Dear Folks,

As Thanksgiving approaches, I have been thinking about tables, about when and how and whether we break bread together, about welcome and inclusion and why we still find that hard sometimes. Stories of eating and drinking together across accustomed lines of difference punctuate the scripture: water at the well with the Samaritan woman, dinner with tax collectors and Pharisees, Peter discovering that God shows no partiality when it comes to house guests and meal-mates. The stories resonate literally in our bellies: the child in us remembers that nothing is more basic than food and learning how to share bread and ourselves.

In 1967 I was a Head Start kid in eastern Tennessee. A year later, in the spring of 1968, my dad dropped out of seminary, in part because of his school’s reaction to the assassination of the Rev. Dr. Martin Luther King, Jr. My father has a complicated story, but one thing he was clear about was the equality of humankind, without regard for race or creed or class. The Episcopal church at that time in the south, however, was less expansive. In some places, the church that was calling him to be a priest was more likely to support the Jim Crow status quo than the cause for civil rights, and he lost his faith and calling over that crisis. His separation from religion compelled the loss of everything material we had—home, jobs, old friends—and set our family spinning into a dark whirl of anger and sadness. Years later he told me that he thought saving his integrity was worth the cost, but I wasn’t so sure.

We moved to Little Rock where he and my mother had family, and where my grandmother had a house we could squat in for free. It was a complicated gift: in some ways my father never recovered from the shame of returning to his Momma’s house, feeling like a failure as a son and a father. As far as I know, his family of origin never asked him what had precipitated his withdrawal from seminary. He struggled with “feeling blue” as he called it, most likely undiagnosed clinical depression, and worked as a laborer until he turned 65. I also didn’t think to ask him why he was sad until I was 1000 miles away at college. By then I had been mad at him for over a decade, because he seemed so aimless and because we were poor, but a longing to know him finally won out over my righteous pride. Beginning with a letter written when I was 19, we slowly began to build a relationship. For a year in my 20’s, we met over coffee at McDonald’s on Saturday mornings, our version of strangers at the well, learning to be honest, sorting out trustworthiness, risking intimacy.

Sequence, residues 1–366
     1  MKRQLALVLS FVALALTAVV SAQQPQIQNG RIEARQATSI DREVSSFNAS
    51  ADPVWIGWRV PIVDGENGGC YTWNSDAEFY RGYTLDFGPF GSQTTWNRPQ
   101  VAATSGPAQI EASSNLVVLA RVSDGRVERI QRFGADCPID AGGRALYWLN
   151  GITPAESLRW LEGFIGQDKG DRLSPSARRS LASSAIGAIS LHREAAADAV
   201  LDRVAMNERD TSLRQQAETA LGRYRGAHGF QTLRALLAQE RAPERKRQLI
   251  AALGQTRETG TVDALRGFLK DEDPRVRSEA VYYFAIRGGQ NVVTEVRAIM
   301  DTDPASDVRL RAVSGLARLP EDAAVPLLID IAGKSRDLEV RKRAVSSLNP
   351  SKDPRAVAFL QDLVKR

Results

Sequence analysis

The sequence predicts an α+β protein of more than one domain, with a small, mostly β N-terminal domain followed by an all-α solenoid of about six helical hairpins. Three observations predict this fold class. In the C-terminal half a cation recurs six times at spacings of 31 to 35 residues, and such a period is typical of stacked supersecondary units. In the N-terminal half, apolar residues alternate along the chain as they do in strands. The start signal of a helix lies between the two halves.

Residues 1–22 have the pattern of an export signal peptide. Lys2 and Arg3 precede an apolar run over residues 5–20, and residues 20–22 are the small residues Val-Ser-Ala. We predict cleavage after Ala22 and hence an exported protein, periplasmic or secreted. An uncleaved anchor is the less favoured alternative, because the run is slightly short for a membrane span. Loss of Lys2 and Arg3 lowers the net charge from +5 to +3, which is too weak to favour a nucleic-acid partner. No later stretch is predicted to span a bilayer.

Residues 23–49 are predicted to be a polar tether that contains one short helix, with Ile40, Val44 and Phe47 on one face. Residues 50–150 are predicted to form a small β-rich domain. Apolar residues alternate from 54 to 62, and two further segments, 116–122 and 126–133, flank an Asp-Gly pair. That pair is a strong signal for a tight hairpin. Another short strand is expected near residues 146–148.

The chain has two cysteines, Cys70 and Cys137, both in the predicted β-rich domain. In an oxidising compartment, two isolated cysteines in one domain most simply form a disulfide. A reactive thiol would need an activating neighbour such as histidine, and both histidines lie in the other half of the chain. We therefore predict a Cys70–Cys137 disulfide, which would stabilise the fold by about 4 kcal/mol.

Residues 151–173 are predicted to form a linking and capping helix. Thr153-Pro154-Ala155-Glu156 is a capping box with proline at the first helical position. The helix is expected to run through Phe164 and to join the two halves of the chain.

We found each other at that table in the fast-food restaurant, an altar as sacred as any church could build.

I hope you will make a date with someone you’ve been meaning to talk with—even if that person is long gone and your conversation will take place only in a journal and your heart. It is never too late to ask someone “What hurts?” and share how their choices have had an impact on you… It’s not too late to get to know someone you’ve seen at church or the grocery store for a decade… This may be the day for you to reach across some superficial divide of race or class and meet in the courtyard for coffee.

Wherever people are breaking open their hearts and hurts, there is an altar in the world. Join me at that table.

Love,
David